Can death be a portal to life? By that, I don’t mean having a second chance after a near-death experience. That’s another topic. What if being comfortable with death and dying, we live more fully.
What if by allowing “little deaths” in our life, from letting go of our idea of control or failure to how we define ourselves in a less-than-loving way, we can be more alive in who we are?
We fear death – or maybe the pain and the process of it. That fear can stop us from living presently and more truthfully.
The fear of physical death. The fear of the death of a relationship. The fear of the death of our way of living. The fear of the death of who we think we are. There are many kinds of fear.
I realized it isn’t always “the death” as much as “the leaving behind” that is so difficult. And so this idea of preparing yourself and others is important.
Dr Marilyn Schlitz
I recently attended Denise Love’s Death Doula workshop in Singapore. Talking death brought us together. Some people may feel this is morbid and yes, some people do get judged for having a “morbid fascination” with death. The reasons for attending this workshop were as interesting and as varied as the people who showed up. They showed up for many reasons. For some participants, being a Death Doula wasn’t even on the list of why. At least for now.
Death to most people is a distant event. We have certainly been more desensitized by the media, even as warfare, famine, and natural disasters claims scores of lives. Many of us only confront our own mortality when we hear someone is terminally ill or has died. This someone can be a family member, a friend, a co worker, or even a stranger. When famous people like Princess Diana, Kurt Corbain, Heath Ledger, Prince, David Bowie, Anthony Bourdain died, their deaths united strangers from around the world in grief. Death is death and we are united in this fate. Death is blind to colour, gender, age, and creed.
What about when we read articles about the things the dying regretted?
I would say this is one of those times we want to learn vicariously through others, and not wait to test this theory of deathbed regrets. Hearing what the dying have shared, it certainly put many things in perspective. Many more feelings, anxieties, fears, and anger fall under the category of “small stuff.” Yes, let’s now sweat the small stuff.
Why is it important to speak about death? To our friends and family? With ourselves? Many of us have elderly parents; of course, Death is present even at Birth. Death at any age is a loss to those who remain behind. Yet healing is possible in the shortest of earth time.
Many people are very uncomfortable speaking about death. Some are more (outwardly) cavalier about it. For some, it is very real and a day-to-day reality, such as those who are caregivers.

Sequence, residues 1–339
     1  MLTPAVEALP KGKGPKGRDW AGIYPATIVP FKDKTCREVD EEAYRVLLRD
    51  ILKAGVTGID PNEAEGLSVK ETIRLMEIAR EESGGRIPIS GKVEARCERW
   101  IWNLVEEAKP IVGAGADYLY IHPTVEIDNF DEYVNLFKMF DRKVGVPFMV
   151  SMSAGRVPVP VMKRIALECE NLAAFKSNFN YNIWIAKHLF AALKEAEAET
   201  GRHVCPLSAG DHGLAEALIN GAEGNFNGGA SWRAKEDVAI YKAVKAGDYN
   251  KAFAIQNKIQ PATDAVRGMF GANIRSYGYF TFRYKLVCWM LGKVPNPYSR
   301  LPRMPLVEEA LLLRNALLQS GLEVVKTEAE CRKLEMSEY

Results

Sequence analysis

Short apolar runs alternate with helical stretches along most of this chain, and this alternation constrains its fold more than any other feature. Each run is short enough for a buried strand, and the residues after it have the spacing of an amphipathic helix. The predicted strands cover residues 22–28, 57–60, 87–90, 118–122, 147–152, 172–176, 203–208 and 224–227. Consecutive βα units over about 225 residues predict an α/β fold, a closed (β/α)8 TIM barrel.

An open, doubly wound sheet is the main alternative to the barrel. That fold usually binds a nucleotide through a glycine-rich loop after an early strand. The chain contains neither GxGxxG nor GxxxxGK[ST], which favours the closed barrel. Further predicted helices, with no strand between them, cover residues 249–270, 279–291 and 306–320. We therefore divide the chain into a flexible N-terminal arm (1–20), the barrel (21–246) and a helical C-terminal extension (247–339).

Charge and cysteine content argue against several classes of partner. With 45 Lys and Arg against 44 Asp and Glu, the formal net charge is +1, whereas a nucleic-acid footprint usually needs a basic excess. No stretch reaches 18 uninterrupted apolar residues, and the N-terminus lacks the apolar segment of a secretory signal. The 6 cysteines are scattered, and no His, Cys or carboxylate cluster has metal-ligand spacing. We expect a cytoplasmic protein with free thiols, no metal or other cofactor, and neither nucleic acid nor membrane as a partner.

Speaking to our loved ones about death goes beyond knowing how to honour someone’s last wishes. It goes beyond what they desire for their funeral arrangements, burial preferences, hospice care, and resuscitation orders, for example.
It is a sharing that can draw people closer, and has therapeutic effect in that we may come face-to-face with fears we did not realize we had. Perhaps more importantly, we share the dreams we have forgotten or never verbalized. Yes, that bucket list.
Coming to terms with one’s mortality is important work, especially for elders today; if we, as elders, don’t come to terms with our mortality, we aren’t going to do endearing work that is necessary for the health of the planet. We’ll just “get old,” wasting years in a protracted dying, “killing time” while we could be living and giving what we know back to the planet.
Rabbi Zalman Schachter-Shalomi1
In a society that allows death to be a part of the life cycle, not tucked away or sanitized, space is naturally created for people to properly grieve and mourn their loss, whatever kind of death. People would feel more comfortable to say what is heartfelt or not to say anything, rather than fumble at what may be appropriate.
People mean well; they just don’t know what to say. How often do people fall back on the old favourites? These can ring hollow for those in pain. The grieving process is a process that is unique to each. For anyone experiencing a loss, Joan Didion’s The Year of Magical Thinking may be illuminating.
Perhaps the general way we communicate with one another could be more authentic as well?
Some of the Buddhist practices that support the dying process are stabilization and insight practices, practices that are about developing positive qualities, like loving-kindness, compassion, joy, and equanimity.
John Halifax Roshi
In the modern world families can live far apart. Many people – not just the elderly – are or feel isolated. Facing the prospect of death can be daunting. A Death Doula can be that person for many people, for the family of the dying or for the dying him/herself, to walk alongside on the last earthly journey to the unknown. A Death Doula can help the dying and the family find peace and readiness. This is at least what we can all hope for.
The start of that last journey starts today, not with a terminal illness diagnosis for example. In this moment, our mind and heart can flower, opening to the ebb and flow of life. We can discover an ease and respect for all that is. As William McNamara writes in Christian Mysticism : The Art of the Inner Way,
there is no new life without death of the old. We need to begin with the death of the empirical separative ego and the ego’s world…Death, as the ultimate breakthrough of our life, must involve a kind of violence – a wild human passion – if our proud self-imprisonment is to be broken open.
1 Edward W Bastian and Tina L Staley, Living Fully Dying Well : Reflecting on Death to Find Your Life’s Meaning. Sounds True Inc. 2009, p9
Denise Love began as a Registered Nurse and then a birth doula, before being a death doula, travelling around the world to teach and share her experience.